Ernest B. Bax describes (below) how feminists argued for women’s rights on the basis of difference between the sexes, while on other occasions argued for rights on the basis that men and women were identical. The difference narrative was especially exploited, proving that sentimental appeals to sex-difference gained women the most power because differences, especially those implying weakness and vulnerability, evoked chivalry. – PW.
Modern Feminism would fain achieve the feat of eating its cake and having it too. When political and economic rights are in question, such as involve gain and social standing, the assumption of inferiority magically disappears before the strident assertion of the dogma of the equality of woman with man – her mental and moral equality certainly! When, however, the question is of a different character – for example, for the relieving of some vile female criminal of the penalty of her misdeeds-then Sentimental Feminism comes into play, then the whole plaidoyer is based on the chivalric sentiment of deference and consideration for poor, weak woman.” [Chapter V: The “Chivalry” Fake, in The Fraud of Feminism 1913]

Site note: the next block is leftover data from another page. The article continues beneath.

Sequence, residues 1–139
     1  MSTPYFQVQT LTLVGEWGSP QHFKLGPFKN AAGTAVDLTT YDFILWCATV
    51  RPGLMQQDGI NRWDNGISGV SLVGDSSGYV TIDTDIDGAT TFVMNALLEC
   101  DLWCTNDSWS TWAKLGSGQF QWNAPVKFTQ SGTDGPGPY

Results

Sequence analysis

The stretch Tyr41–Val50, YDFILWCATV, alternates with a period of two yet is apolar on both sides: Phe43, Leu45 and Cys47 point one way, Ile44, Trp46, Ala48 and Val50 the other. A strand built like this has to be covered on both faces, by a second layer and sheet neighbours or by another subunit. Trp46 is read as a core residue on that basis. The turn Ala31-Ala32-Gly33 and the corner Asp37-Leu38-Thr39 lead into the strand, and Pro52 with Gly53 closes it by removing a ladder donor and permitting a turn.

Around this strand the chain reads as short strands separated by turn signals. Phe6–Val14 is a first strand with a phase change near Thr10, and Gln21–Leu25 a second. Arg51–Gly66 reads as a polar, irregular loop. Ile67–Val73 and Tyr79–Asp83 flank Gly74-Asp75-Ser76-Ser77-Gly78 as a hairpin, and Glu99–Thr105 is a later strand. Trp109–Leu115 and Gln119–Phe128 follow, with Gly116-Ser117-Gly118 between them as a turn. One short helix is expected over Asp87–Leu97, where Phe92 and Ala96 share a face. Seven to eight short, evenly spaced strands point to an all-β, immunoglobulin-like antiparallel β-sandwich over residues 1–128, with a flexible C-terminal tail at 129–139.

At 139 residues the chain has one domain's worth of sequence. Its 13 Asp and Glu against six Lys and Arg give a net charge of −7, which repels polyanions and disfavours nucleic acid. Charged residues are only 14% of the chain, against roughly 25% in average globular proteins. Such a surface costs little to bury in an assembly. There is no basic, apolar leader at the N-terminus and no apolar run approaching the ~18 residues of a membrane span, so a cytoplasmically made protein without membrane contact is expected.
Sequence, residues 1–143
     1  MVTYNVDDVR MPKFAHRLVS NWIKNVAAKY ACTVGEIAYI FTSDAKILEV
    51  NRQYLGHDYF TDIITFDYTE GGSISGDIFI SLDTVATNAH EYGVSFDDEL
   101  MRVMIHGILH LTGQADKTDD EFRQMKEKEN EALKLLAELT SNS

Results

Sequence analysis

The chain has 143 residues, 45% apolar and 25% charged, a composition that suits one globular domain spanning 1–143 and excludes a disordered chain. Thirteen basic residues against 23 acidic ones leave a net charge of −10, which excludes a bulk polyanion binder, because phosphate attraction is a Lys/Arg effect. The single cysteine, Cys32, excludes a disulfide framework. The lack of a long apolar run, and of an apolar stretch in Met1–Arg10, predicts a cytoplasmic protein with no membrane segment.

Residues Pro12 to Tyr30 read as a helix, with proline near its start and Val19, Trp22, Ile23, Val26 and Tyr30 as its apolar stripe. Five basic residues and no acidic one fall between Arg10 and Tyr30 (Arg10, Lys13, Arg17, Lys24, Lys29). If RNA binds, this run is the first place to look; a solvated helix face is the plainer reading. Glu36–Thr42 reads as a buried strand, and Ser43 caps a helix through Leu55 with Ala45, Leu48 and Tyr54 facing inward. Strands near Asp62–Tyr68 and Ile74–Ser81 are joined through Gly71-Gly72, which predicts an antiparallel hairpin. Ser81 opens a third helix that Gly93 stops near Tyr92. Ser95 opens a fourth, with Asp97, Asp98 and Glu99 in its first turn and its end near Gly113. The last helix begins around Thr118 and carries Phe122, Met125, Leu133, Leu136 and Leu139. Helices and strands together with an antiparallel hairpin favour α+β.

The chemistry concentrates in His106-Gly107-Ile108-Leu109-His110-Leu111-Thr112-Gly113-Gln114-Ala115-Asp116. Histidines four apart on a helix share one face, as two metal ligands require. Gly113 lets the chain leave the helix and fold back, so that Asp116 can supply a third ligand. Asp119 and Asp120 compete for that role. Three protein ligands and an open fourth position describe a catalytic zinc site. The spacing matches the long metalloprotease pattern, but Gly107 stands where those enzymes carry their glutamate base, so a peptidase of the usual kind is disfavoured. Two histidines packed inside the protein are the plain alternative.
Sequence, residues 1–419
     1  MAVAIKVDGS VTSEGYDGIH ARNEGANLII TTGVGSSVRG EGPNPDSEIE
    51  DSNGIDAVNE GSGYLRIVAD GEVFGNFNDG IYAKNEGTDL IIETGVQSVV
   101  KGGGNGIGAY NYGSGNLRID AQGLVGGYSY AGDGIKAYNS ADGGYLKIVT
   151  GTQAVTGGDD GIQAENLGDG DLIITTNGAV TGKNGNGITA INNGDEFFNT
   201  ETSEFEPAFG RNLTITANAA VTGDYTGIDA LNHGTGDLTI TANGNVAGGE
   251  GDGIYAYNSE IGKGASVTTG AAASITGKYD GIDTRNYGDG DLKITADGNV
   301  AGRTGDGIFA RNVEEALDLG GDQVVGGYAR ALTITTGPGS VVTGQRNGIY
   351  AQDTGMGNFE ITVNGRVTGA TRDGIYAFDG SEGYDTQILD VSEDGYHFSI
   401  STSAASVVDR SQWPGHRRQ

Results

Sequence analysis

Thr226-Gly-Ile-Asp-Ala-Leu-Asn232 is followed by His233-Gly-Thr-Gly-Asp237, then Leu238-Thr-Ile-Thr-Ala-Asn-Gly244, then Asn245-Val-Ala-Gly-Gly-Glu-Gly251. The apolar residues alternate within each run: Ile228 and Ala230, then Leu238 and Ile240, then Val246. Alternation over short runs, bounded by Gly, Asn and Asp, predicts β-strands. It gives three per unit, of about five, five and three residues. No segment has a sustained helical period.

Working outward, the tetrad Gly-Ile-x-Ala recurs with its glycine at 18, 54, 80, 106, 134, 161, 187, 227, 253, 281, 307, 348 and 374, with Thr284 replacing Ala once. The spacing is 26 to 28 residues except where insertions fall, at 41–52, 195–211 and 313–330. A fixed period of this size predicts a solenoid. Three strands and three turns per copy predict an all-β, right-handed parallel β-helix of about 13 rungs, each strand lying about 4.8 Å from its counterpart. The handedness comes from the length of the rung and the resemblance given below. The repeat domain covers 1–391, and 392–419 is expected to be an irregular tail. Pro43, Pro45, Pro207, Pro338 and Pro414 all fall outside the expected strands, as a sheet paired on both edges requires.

Feminists only claim equality with men in so far as it has agreeable consequences for women. And this applies all along the line… I would advise woman’s-righters to choose the one side or the other. If they stick to the weakness of woman physically as ground for woman’s privileges and immunities, let them give up prating of equality otherwise. If they contend for equality let it at least be an even equality all round. [‘Female Suffrage’ – in Social Democrat, Vol.8, no.9, pp.533-545 1904].
The bulk of the advocates of woman’s rights are simply working, not for equality, but for female ascendency. It is all very well to say they repudiate chivalry. They are ready enough to invoke it politically when they want to get a law passed in their favour – while socially, to my certain knowledge, many of them claim it as a right every whit as much as ordinary women. [‘No Misogyny But True Equality’ – in To-day, pp.115-121 1887]